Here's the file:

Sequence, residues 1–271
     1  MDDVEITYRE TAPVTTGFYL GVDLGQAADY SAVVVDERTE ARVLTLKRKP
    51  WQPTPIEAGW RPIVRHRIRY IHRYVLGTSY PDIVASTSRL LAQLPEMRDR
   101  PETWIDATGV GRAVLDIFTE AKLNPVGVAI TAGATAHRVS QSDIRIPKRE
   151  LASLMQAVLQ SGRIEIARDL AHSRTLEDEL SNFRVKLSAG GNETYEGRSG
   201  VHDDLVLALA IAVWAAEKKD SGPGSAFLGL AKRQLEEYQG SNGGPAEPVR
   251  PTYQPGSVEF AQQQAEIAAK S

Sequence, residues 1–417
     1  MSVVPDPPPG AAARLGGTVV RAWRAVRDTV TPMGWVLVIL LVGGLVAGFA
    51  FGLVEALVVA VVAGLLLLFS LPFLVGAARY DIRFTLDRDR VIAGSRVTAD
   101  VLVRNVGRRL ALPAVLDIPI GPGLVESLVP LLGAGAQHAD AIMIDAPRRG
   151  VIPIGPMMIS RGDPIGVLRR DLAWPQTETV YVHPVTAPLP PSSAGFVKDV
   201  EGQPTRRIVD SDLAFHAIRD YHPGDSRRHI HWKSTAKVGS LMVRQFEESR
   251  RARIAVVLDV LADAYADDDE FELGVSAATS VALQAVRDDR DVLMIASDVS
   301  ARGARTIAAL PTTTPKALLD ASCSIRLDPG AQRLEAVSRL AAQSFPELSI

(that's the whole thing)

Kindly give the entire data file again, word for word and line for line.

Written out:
Sequence, residues 1–271
     1  MDDVEITYRE TAPVTTGFYL GVDLGQAADY SAVVVDERTE ARVLTLKRKP
    51  WQPTPIEAGW RPIVRHRIRY IHRYVLGTSY PDIVASTSRL LAQLPEMRDR
   101  PETWIDATGV GRAVLDIFTE AKLNPVGVAI TAGATAHRVS QSDIRIPKRE
   151  LASLMQAVLQ SGRIEIARDL AHSRTLEDEL SNFRVKLSAG GNETYEGRSG
   201  VHDDLVLALA IAVWAAEKKD SGPGSAFLGL AKRQLEEYQG SNGGPAEPVR
   251  PTYQPGSVEF AQQQAEIAAK S

Sequence, residues 1–417
     1  MSVVPDPPPG AAARLGGTVV RAWRAVRDTV TPMGWVLVIL LVGGLVAGFA
    51  FGLVEALVVA VVAGLLLLFS LPFLVGAARY DIRFTLDRDR VIAGSRVTAD
   101  VLVRNVGRRL ALPAVLDIPI GPGLVESLVP LLGAGAQHAD AIMIDAPRRG
   151  VIPIGPMMIS RGDPIGVLRR DLAWPQTETV YVHPVTAPLP PSSAGFVKDV
   201  EGQPTRRIVD SDLAFHAIRD YHPGDSRRHI HWKSTAKVGS LMVRQFEESR
   251  RARIAVVLDV LADAYADDDE FELGVSAATS VALQAVRDDR DVLMIASDVS
   301  ARGARTIAAL PTTTPKALLD ASCSIRLDPG AQRLEAVSRL AAQSFPELSI